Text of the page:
By Ron Goldberg Anyone who either designs or markets technology products can tell you it isn't easy to go against an established order. In the case of Sydney-based Leisuretech Electronics, developer of the ABus audio distribution system, the challenge has been taken up on two fronts. ABus is not only a departure in terms of technology, but also a marketing challenge. How do you get system designers and C-tailers to go against a well-established, decades-old paradigm? According to Andrew Goldfinch, president of Leisuretech, it's about offering a simpler product that can still claim to be a better mousetrap than the status quo. His company's

Mobile Interfaces

Navigating the Dashboard By Brett Solomon Today's mobile electronics systems demand more as they take on the role of multimedia systems. Hence, head units demand more real estate for displaying audio information, navigation directions and (most important to the younger set) entertainment in the form of a DVD movie or Xbox game. What was once a simple alarm-clock style LCD display and two knobs has become a 7-inch widescreen LCD monitor with an integrated DVD player. Manufacturers are scrambling to enable consumers to take advantage of today's multi-faceted multimedia environment. The responsible ones are doing so with the understanding that this technology has

Opening the POD Door

Cable-Compatible TV, at Last! By Cliff Roth It's been over 20 years since the first "cable-ready" TV sets and VCRs hit the market. But as any installer can tell you, a funny thing happened on the way to cable compatibility. The signals got scrambled. While it was true that a "cable-compatible" TV set could use its built-in cable tuner to view all the unscrambled basic channels, the same technology was essentially useless for all the premium channels, such as HBO and Showtime. With the advent of digital cable service, the "cable-ready" tuner became even more useless. And in some cable TV markets, such

Premiere Seating

Not Just an Attachment, a Solution By Bill Johnson Home theater seating is an oft-overlooked category. Dealers have traditionally shied away from selling seating because they don't consider themselves specialists. But home theater seating is a great way for dealers to create additional revenue with every home theater sale. The dedicated home theater-seating category represented an estimated $45 million in 2002. Today, several well-respected home theater designers actually suggest beginning the design of the home theater with the seating. Unfortunately, many dealers still treat the seating portion of the sale as an afterthought, or they neglect it entirely. Call it fear of

Shopping the Forbidden

Protected Brands on the Web By Ron Goldberg Some time ago, I was involved in a dotcom (OK, let's not go there) that among other things, served as a content-driven shopping aid for buying consumer electronics. Many of the products were available for online purchase, while others, because of vendor policies, could only be "fulfilled" at authorized brick-and-mortar dealers. Because E-commerce and the CE industry's reaction to it were both in a nascent state, the methods of protection for brands and product prices were still being established. A brief look at the Web circa 2003 clearly shows that the situation hasn't evolved all that

Software Spotlight ? HomeSeer

HomeSeer 1.6 Automation Software By Ron Goldberg It's hard not to give X10 technology the props it deserves, not only for lasting this long, but for evolving over the years. Annoying pop-up Web ads aside, in many ways, X10 is still as cutting-edge as it was in the mid-1970s, when it was controlling Accutrac turntables and introducing America to the idea of simple home automation. Despite the general perception of X10 as a medium that's too limiting for larger-scale applications, the technology continues to be a powerful and relevant force for affordable home control. Because X10 has been around for so long, the technology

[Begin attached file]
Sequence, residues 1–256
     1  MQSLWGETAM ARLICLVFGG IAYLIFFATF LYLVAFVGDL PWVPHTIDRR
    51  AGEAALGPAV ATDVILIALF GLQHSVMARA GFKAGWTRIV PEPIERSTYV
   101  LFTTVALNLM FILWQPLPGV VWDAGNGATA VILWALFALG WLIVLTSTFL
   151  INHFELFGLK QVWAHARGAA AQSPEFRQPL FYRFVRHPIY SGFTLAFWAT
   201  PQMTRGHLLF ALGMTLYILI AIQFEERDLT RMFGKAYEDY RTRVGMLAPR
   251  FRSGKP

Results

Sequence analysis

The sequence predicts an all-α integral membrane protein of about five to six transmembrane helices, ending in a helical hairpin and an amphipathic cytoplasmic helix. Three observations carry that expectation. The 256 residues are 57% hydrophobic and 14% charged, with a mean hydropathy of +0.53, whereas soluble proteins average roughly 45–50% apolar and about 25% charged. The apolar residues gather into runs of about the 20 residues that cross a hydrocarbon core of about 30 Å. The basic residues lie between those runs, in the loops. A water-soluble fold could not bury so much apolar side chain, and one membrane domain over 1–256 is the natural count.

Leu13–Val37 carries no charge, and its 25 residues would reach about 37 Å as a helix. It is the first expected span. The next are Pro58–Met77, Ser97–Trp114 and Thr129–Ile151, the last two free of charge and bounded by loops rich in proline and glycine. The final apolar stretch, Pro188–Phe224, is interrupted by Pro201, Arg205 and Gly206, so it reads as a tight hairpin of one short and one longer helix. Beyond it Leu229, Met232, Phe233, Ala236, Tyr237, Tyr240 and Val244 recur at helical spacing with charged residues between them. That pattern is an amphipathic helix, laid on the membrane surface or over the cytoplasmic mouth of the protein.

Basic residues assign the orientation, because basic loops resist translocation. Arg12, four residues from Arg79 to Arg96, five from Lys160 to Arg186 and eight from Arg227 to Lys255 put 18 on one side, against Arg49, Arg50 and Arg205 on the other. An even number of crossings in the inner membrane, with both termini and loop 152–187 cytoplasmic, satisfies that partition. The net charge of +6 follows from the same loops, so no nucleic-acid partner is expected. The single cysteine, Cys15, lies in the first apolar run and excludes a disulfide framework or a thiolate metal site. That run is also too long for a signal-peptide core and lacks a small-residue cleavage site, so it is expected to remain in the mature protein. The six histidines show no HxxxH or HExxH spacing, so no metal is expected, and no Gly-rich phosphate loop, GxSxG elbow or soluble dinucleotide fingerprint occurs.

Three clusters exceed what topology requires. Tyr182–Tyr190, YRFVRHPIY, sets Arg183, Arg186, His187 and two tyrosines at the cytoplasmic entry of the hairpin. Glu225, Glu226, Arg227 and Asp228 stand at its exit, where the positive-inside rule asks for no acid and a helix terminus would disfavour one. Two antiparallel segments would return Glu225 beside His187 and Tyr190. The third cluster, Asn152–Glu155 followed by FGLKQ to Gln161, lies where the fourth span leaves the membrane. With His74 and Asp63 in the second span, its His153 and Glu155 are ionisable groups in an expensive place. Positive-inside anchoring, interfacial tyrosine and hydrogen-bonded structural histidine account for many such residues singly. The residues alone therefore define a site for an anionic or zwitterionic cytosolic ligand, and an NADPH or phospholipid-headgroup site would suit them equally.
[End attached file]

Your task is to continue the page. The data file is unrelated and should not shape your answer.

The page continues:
Speak Out! Rep Distribution, Part II

Deborah Smith's cover story in Custom Retailer's December issue, "Rep Distribution: A Puzzling Landscape," struck a chord with many disparate factions of the vendor-distributor-retailer axis. For some, it was pure music, to others, decidedly off-key. Custom Retailer received so many comments and so much feedback on the story that we decided to open up our pages for other points of view — pro and con. Chris Browder Executive Vice President B&W The old adage "you are who you sell" has never been more true than it is today. In the case of B&W, the quality (not the quantity) of our dealer network has

The Coming Crush

Will Giants Take Your Business? By Ron Goldberg AVI Electronics, a small, New Jersey-based C-tailer specializing in custom installation for home and auto, had it nice for a while. Situated on a busy highway with enviable visibility, the single-store operation had the good fortune of not only serving a relatively affluent suburban market, but also of being nestled among a row of car dealerships, virtually guaranteeing a steady flow of mobile installation business. When the store began operations in 1992, the closest CE chain was miles away, CEDIA was a toddler and the custom-install market rarely extended past commercial work, or the occasional bigwig's

What Keeps You Awake at Night?

Nobody ever said custom was an easy business, at least nobody who's ever actually run one. First, consider the challenges that are specific to the trade: fast changing technologies, a faster-changing distribution and retailing environment and extensive learning curves for both personnel and potential customers. Now add to that the challenges that every small business faces: how to manage cash flow, workforce and schedules; how to fend off competition and promote your company; whether to add staff or outsource; how to create strategic alliances; how to survive uncertain economic times. The custom business is a deft blend of traditional and next-generation challenges that would

Who Gets It?

Progressive Audio's Digital Domicile By Natalie Hope McDonald Show, don't tell, is a rule most retailers live by. But it took a Columbus, Ohio-based company to adapt this concept to C-tailing by designing an apartment showroom ripe for reproduction in townhouses, condos and co-ops everywhere from Tribeca to Santa Monica. Progressive Audio has been a successful specialty retailer of high-end audio and video systems for more than 20 years. With numerous retailing awards and a client list that includes IBM, Record Town and The Limited to its credit, Progressive has been working with audio in the home ever since founder Scott Ranney built speakers out